Lab news


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Thanks to everyone that helped in setting up the new elevation gradient experiment. This work is in collaboration with the Allison-Brodie-A.Martiny-Treseder Labs and investigates the role of microbial composition in litter decomposition.

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Congrats to Michaeline Nelson for being awarded a Doctoral Dissertation Improvement Grant!

New paper on microbial traits in Science! (co-authored with Stuart Jones, Jay Lennon, and Adam Martiny). PDF here.

Michaeline Nelson’s paper on nitrogen cycling traits in litter communities is out in Applied and Environmental Microbiology.

Jen writes about microbial dispersal.




Research Overview


Our lab studies the generation and maintenance of microbial diversity and its consequences for ecosystem functioning. In the past, we have focused on characterizing patterns of microbial diversity (biogeographic patterns).
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We are now turning our attention to experimentally testing the evolutionary and ecological mechanisms generating these patterns and whether this variation in microbial composition affects ecosystem functioning.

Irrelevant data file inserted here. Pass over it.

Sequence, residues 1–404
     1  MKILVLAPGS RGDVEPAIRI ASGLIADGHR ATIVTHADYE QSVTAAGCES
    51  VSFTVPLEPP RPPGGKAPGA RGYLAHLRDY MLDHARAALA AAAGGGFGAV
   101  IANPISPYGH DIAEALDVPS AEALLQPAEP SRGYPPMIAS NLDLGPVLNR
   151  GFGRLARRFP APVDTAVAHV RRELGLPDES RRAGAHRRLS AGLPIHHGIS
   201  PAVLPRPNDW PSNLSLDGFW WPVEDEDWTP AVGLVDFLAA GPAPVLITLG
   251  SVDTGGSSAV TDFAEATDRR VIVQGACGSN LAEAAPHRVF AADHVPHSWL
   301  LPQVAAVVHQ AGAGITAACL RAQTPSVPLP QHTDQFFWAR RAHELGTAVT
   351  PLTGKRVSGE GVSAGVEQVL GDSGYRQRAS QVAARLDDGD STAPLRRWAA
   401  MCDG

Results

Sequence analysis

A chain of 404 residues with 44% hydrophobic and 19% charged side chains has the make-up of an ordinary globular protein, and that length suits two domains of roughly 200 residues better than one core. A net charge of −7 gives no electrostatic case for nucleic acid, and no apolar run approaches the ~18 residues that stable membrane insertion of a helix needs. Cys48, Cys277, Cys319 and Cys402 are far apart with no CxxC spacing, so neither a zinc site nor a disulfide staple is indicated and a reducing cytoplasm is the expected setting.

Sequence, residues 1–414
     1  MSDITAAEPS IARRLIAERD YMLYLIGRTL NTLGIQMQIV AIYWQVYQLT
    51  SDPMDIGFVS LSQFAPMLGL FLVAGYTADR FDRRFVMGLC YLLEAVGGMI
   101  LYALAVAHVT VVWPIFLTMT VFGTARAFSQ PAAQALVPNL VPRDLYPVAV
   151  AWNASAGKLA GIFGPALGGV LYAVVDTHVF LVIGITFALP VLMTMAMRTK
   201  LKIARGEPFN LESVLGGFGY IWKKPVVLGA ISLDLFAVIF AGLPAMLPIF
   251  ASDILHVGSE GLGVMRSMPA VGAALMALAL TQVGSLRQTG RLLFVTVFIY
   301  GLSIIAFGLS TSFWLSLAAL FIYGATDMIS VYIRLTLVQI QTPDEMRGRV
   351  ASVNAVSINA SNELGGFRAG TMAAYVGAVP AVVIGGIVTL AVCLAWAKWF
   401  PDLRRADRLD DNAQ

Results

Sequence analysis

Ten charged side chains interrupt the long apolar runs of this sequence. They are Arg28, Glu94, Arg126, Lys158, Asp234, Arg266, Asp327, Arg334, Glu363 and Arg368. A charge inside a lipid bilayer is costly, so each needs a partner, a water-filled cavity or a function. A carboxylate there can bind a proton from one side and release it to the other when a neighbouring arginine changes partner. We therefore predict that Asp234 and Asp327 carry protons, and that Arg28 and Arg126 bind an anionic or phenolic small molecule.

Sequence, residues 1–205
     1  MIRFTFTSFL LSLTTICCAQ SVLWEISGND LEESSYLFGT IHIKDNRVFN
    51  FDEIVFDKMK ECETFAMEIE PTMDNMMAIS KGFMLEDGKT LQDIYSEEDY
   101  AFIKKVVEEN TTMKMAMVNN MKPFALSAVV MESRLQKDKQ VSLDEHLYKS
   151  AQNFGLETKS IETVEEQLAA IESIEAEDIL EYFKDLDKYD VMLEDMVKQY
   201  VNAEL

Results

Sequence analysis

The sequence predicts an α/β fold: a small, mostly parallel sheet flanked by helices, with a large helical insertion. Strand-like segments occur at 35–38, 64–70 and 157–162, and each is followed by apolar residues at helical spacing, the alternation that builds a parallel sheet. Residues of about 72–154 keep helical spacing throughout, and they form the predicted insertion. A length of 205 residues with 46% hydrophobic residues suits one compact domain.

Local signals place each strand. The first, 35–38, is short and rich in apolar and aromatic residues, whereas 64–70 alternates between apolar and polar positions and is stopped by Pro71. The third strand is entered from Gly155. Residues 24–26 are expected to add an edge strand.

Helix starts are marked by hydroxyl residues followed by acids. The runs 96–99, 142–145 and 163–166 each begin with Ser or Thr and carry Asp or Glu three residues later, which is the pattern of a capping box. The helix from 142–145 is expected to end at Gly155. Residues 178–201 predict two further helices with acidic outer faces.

We study all sorts of microbes such as viruses, bacteria, and fungi in a variety of ecosystems. Depending on the question, we also apply a range of approaches, including experimental evolution, field experiments, and greenhouse microcosms. We often use molecular genetic approaches to characterize microbial diversity (from PCR and cloning to whole genome sequencing and functional metagenomics), with the goal of linking this genetic diversity to phenotypic traits and ecosystem functioning.



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